Many emerging markets and low-income nations have weaker
health systems to begin with. They are facing record-high portfolio
outflows—more than $100 billion in just the past two
months. Many can cover only a portion of their external financing needs,
which are estimated to be in the trillions of dollars; and some
may face an unsustainable debt burden.
The encouraging news is that so many countries have deployed extraordinary
policy measures—including fiscal actions amounting to about $8 trillion and liquidity injections by
central banks amounting to over $6 trillion. And yes,
there has been substantial coordination. But given the gravity of
the crisis, significant further efforts will be needed.
The international community must step up efforts to help the most
vulnerable countries by providing increased funding as well as debt service relief—thereby creating
space for spending on urgent health needs and mitigating the economic
impact of the crisis.
The reality is that anyone’s fight against the virus is everyone’s fight. More
than ever, we need global solidarity, a common resolve, and coordinated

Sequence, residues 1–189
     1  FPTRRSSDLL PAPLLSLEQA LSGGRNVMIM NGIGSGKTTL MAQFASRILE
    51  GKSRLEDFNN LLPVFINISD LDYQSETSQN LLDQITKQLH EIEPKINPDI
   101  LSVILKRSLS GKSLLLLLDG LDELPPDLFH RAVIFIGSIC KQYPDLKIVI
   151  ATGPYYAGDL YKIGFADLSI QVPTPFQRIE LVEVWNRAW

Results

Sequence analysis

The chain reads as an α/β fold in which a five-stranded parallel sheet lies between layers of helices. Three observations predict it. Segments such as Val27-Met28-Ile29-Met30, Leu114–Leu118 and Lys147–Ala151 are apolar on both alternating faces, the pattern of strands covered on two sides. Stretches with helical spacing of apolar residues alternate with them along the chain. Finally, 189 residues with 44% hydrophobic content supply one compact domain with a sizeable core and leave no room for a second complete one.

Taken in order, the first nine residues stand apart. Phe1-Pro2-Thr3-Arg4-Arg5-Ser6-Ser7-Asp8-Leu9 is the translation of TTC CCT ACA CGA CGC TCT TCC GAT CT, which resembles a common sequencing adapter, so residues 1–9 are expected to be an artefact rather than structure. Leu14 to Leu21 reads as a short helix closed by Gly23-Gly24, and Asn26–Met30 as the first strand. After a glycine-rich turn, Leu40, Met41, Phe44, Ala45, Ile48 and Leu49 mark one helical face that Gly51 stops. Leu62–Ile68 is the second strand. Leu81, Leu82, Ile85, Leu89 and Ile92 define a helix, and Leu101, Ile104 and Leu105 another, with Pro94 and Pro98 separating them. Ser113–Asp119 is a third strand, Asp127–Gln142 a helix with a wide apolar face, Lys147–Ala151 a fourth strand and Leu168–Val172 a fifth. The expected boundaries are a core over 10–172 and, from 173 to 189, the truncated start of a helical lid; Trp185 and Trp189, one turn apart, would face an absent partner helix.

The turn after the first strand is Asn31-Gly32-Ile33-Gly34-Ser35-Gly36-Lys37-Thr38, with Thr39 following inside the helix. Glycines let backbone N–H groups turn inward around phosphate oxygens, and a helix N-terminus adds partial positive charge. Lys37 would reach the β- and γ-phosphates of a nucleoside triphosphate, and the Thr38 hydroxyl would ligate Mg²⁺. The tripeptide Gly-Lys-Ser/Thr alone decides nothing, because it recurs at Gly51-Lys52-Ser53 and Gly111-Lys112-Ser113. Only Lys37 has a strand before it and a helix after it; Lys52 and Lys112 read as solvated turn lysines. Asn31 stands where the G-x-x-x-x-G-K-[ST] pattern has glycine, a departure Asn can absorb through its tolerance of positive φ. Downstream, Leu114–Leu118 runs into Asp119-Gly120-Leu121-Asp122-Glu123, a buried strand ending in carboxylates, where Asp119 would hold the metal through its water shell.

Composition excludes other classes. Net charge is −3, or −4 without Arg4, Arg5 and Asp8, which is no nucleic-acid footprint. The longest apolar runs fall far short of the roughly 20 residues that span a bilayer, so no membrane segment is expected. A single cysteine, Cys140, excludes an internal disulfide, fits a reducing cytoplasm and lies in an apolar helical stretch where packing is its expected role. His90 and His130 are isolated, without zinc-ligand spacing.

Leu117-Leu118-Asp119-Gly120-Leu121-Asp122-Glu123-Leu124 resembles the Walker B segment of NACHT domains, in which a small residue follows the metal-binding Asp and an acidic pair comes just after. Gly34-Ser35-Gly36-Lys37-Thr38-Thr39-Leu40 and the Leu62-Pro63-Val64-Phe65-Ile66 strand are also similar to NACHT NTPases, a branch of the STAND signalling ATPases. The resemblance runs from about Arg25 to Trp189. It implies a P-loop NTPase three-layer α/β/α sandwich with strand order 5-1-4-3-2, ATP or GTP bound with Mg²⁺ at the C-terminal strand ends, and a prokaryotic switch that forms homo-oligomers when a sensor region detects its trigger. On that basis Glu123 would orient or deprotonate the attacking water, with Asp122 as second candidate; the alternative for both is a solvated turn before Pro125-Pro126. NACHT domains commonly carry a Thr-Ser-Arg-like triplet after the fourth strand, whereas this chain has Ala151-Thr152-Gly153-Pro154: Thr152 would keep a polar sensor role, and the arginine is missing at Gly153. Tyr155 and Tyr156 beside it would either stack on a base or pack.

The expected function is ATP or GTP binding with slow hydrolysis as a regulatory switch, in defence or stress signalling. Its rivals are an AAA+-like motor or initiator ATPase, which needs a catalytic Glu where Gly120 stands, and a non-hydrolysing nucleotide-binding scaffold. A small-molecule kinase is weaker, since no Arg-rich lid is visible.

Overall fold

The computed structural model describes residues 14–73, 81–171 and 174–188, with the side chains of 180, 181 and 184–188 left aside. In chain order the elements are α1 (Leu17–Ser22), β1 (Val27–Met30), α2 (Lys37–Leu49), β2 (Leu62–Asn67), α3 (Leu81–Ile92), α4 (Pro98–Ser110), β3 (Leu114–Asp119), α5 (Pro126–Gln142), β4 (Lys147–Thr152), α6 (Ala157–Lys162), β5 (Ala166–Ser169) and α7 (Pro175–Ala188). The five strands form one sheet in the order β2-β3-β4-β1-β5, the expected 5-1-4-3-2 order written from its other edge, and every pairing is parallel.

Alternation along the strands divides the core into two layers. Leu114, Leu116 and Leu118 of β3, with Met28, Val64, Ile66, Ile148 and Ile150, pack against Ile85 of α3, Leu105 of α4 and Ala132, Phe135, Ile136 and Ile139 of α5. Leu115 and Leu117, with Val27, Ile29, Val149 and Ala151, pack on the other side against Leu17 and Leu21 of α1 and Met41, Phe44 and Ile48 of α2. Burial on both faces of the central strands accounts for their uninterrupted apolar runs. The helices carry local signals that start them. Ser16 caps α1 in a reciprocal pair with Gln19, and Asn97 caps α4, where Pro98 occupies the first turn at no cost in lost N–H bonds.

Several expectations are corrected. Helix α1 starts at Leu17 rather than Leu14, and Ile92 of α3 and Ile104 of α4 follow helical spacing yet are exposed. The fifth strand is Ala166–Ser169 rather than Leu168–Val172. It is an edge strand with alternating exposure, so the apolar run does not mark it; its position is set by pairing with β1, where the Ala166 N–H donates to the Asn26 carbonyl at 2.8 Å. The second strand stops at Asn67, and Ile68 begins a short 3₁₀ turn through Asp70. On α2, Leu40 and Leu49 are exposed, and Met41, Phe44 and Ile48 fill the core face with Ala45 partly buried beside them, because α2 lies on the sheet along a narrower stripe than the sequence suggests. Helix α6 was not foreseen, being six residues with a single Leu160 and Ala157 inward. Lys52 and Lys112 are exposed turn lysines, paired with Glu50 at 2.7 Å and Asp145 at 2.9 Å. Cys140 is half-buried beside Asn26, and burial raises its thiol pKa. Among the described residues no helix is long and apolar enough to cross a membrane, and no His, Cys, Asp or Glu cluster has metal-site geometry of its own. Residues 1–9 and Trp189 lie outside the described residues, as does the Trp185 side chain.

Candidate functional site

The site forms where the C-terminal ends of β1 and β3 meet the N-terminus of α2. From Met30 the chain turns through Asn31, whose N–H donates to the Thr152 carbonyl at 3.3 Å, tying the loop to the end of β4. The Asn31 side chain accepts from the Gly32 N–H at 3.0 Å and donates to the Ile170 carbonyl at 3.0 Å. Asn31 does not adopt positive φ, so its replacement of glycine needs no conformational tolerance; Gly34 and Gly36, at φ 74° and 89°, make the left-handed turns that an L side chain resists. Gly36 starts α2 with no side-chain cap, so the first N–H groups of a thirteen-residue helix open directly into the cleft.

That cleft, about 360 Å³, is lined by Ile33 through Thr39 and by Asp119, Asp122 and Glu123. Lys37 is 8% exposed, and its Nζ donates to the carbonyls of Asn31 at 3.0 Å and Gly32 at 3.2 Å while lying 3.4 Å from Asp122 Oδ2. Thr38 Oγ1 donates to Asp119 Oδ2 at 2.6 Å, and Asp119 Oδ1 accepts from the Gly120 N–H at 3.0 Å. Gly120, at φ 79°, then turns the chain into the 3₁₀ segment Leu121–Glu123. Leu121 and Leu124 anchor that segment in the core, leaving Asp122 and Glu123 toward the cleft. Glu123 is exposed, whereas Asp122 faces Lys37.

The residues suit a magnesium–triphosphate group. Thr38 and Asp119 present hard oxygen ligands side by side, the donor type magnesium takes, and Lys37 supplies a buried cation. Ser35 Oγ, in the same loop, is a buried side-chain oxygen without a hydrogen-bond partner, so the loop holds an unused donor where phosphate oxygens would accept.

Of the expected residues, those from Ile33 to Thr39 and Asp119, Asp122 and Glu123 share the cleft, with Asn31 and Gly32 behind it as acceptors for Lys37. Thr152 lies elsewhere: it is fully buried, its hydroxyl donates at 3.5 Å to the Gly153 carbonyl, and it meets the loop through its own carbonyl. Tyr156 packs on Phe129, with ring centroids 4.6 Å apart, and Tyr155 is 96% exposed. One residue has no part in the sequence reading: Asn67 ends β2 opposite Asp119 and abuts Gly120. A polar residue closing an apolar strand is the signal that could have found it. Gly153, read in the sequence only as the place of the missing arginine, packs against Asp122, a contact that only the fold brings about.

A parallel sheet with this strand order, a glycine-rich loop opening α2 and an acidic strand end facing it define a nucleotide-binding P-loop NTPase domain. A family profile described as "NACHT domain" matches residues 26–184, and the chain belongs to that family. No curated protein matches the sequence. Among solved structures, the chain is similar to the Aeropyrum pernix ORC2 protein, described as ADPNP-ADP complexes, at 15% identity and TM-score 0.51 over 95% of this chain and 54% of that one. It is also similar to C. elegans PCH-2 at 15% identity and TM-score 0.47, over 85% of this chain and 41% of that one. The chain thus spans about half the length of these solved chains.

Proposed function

The Role of the IMF
That is why the IMF is working around the clock—it’s all-hands-on-deck as
we support our 189 member countries with policy advice, technical
assistance, and financial resources.
We have $1 trillion in lending capacity, which we are
placing at the service of our membership.
- We are responding to an unprecedented number of calls for emergency
financing—from more than 100 countries. We have
just doubled access to our emergency facilities, which will allow
us to meet the expected demand of about $100 billion in
financing. Lending programs have already been approved at record speed for over 20 countries, with many more to come.
Today our Executive Board
will be discussing a new short-term liquidity line—for
countries with strong economic fundamentals.
And our membership is exploring additional tools to help meet
countries’ financing needs, including how to best use the SDR.
We have revamped our Catastrophe Containment and Relief Trust to provide
immediate debt relief on IMF obligations to low-income countries
affected by the crisis. Our Executive Board has just approved
assistance to 25 countries. We are now working with
donors to almost triple the CCRT from $500 million to $1.4 billion to extend
the duration of relief.
And together with the G20, the World Bank and many others, we are calling for a
standstill of debt service to official bilateral creditors for the world’s poorest countries.
When Governors of the IMFC meet tomorrow, I will be seeking their
endorsement for this concrete package of measures that can
be deployed quickly.
In this time of crisis, we must remember that this too shall pass. We will get through this.
How well and quickly we get through it depends on us acting now—and acting
These are exceptional times; we need exceptional action.
With that, I am happy to take your questions.
IMF Communications Department
Phone: +1 202 623-7100Email: MEDIA@IMF.org